A Culture of Life
To begin, we must relate to people as human beings. To “see them” as he put it. I would add, to recognize that the “culture of life” extends beyond the womb and beyond our national borders. The only regions the US has gained ground (post Iraq war) are those tsunami-affected and the earthquake-stricken areas, because we showed up as people who wanted to help fellow humans. People’s hearts are conquered not by bullets but by kindness. Of course the US cannot solve all problems everywhere by itself, but I think we can do a lot better by having a smarter foreign policy. It would have been smarter if we had allocated a trillion dollars [estimated total cost of the Iraq war & occupation] in a
Marshall-type plan (which also benefited the American economy) as we did after WWII in Europe. Smarter, because of the good will we'd have gotten in return, not to mention the greater geopolitical benefits.

Americans are generous people. They raised over $1 billion for the 2004 tsunami victims, almost 50% through the internet. Technology and the internet have given the citizen new & effective ways to participate & be connected-- from his local community, and the national government, to the world at large. We have to do more though, but, again, we have to answer the question, what the role of government is. Contrary to public perception, the US gives a lot less in foreign aid (excluding military) to poor countries than many other advanced countries do. We give about 17 cents for every $100 we make, in private and government donations. Scandinavian countries, for example, give upwards of 80 cents. If every country gave a quarter for every $100 earned (that’s 0.25%) of GNP the world would indeed be a better place to live in.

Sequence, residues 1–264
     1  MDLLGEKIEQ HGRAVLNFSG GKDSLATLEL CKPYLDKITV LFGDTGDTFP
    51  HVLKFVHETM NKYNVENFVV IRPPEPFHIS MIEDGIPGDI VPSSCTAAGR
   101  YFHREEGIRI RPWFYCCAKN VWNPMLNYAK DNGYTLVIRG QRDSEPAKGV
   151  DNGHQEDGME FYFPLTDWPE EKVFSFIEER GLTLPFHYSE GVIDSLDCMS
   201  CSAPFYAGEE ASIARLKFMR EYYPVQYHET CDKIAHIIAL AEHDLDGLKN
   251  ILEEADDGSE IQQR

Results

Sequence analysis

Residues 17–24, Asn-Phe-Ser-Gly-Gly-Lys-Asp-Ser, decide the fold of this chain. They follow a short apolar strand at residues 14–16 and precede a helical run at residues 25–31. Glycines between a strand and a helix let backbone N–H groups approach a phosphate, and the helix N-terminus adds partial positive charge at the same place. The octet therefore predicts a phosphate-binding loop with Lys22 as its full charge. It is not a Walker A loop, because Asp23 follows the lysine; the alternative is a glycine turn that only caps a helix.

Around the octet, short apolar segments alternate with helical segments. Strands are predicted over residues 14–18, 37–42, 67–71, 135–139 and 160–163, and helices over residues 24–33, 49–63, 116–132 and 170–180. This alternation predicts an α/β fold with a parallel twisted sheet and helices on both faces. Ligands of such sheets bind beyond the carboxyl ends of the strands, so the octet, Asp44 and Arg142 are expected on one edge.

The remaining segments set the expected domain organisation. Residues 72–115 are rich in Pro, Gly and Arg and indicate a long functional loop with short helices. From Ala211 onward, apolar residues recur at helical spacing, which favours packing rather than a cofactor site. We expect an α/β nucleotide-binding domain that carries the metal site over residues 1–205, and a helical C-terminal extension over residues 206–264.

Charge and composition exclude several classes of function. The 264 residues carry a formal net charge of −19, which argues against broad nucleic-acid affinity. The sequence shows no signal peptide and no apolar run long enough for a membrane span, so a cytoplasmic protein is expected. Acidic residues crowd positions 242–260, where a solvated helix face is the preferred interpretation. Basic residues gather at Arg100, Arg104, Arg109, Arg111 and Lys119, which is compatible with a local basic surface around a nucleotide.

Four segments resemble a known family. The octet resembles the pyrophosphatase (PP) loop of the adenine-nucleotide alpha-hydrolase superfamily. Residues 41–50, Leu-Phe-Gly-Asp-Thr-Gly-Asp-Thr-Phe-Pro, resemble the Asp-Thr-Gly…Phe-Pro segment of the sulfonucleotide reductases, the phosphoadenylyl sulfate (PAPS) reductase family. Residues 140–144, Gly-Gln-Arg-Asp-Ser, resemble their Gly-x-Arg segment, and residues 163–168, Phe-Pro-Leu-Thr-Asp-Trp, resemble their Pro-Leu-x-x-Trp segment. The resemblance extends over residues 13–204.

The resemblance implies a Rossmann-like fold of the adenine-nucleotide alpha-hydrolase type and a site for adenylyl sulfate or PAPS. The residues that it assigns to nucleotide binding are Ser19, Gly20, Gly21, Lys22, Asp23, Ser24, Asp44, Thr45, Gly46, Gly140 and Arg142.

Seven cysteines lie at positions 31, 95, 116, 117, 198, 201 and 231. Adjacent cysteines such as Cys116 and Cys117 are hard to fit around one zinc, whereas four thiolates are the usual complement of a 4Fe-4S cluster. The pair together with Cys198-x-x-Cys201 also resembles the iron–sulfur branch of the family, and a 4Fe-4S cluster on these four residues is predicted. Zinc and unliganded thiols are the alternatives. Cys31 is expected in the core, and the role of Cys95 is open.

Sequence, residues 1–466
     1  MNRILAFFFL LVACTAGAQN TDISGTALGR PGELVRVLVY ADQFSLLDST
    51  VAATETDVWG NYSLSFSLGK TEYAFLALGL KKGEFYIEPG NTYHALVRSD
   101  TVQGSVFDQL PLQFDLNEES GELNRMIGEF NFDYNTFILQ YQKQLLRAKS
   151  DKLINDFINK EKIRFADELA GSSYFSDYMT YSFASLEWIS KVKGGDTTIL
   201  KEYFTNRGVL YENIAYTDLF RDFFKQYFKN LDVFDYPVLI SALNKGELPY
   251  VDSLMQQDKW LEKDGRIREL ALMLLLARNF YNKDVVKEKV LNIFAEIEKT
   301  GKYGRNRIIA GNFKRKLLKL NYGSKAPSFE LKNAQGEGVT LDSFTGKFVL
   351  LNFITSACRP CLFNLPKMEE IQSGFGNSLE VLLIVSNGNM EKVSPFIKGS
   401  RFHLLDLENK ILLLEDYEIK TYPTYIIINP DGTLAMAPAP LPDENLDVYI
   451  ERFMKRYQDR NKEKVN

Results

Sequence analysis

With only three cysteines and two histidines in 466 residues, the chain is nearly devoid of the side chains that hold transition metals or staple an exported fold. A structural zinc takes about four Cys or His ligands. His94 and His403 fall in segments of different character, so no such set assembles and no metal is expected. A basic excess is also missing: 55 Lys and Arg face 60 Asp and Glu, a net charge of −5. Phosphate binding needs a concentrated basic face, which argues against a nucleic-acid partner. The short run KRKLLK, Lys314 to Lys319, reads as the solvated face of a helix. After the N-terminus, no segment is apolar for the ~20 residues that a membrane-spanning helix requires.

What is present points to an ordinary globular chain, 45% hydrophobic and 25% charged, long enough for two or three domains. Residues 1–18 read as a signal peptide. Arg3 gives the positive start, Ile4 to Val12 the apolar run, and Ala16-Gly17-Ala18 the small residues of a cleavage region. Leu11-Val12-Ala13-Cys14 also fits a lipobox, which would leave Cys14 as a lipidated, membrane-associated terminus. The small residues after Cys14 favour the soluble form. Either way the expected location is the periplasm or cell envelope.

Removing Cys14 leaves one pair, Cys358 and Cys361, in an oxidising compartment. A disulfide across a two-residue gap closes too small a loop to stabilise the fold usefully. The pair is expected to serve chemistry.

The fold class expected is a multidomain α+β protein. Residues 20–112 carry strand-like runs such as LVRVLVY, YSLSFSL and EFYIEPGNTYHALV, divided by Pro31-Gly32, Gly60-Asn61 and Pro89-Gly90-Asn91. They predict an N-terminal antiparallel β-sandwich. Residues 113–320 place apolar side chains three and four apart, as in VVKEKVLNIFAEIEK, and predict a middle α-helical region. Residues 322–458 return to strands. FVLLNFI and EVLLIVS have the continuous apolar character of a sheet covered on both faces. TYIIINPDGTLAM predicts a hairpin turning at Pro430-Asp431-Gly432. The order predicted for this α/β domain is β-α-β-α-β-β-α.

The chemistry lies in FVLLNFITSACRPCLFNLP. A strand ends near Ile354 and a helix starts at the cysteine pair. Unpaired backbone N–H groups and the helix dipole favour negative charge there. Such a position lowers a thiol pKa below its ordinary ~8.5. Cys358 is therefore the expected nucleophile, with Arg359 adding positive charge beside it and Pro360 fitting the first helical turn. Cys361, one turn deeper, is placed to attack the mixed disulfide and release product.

OK, there are those who’d say we better fix our house before we go out helping others. I just don’t think it’s an “either-or” proposition, but it's a good idea to have our own house in order. We better do this by throwing out the bums every chance we have at the ballot box. Sunshine is a great disinfectant and civic engagement a must. Under the present White House elite our country has become weaker not stronger. We are in ever-increasing debt, have made more enemies, have lost friends, and we’ve changing the image that this is a land of opportunity, tolerance and progress.